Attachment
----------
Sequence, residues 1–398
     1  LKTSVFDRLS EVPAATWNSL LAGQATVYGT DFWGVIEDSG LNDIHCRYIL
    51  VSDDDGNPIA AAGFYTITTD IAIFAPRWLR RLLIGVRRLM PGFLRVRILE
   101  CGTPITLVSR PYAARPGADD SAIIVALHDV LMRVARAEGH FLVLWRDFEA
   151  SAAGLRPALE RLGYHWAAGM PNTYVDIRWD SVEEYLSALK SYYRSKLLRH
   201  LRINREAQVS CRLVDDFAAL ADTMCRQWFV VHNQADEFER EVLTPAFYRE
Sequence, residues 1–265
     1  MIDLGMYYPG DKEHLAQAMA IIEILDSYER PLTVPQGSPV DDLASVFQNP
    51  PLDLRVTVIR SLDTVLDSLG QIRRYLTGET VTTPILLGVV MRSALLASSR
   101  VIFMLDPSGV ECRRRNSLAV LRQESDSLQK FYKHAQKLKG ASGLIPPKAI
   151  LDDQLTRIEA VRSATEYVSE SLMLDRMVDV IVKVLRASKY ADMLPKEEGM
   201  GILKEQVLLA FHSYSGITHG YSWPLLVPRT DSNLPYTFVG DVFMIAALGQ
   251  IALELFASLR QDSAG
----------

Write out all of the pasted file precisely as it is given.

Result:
Sequence, residues 1–398
     1  LKTSVFDRLS EVPAATWNSL LAGQATVYGT DFWGVIEDSG LNDIHCRYIL
    51  VSDDDGNPIA AAGFYTITTD IAIFAPRWLR RLLIGVRRLM PGFLRVRILE
   101  CGTPITLVSR PYAARPGADD SAIIVALHDV LMRVARAEGH FLVLWRDFEA
   151  SAAGLRPALE RLGYHWAAGM PNTYVDIRWD SVEEYLSALK SYYRSKLLRH
   201  LRINREAQVS CRLVDDFAAL ADTMCRQWFV VHNQADEFER EVLTPAFYRE
Sequence, residues 1–265
     1  MIDLGMYYPG DKEHLAQAMA IIEILDSYER PLTVPQGSPV DDLASVFQNP
    51  PLDLRVTVIR SLDTVLDSLG QIRRYLTGET VTTPILLGVV MRSALLASSR
   101  VIFMLDPSGV ECRRRNSLAV LRQESDSLQK FYKHAQKLKG ASGLIPPKAI
   151  LDDQLTRIEA VRSATEYVSE SLMLDRMVDV IVKVLRASKY ADMLPKEEGM
   201  GILKEQVLLA FHSYSGITHG YSWPLLVPRT DSNLPYTFVG DVFMIAALGQ
   251  IALELFASLR QDSAG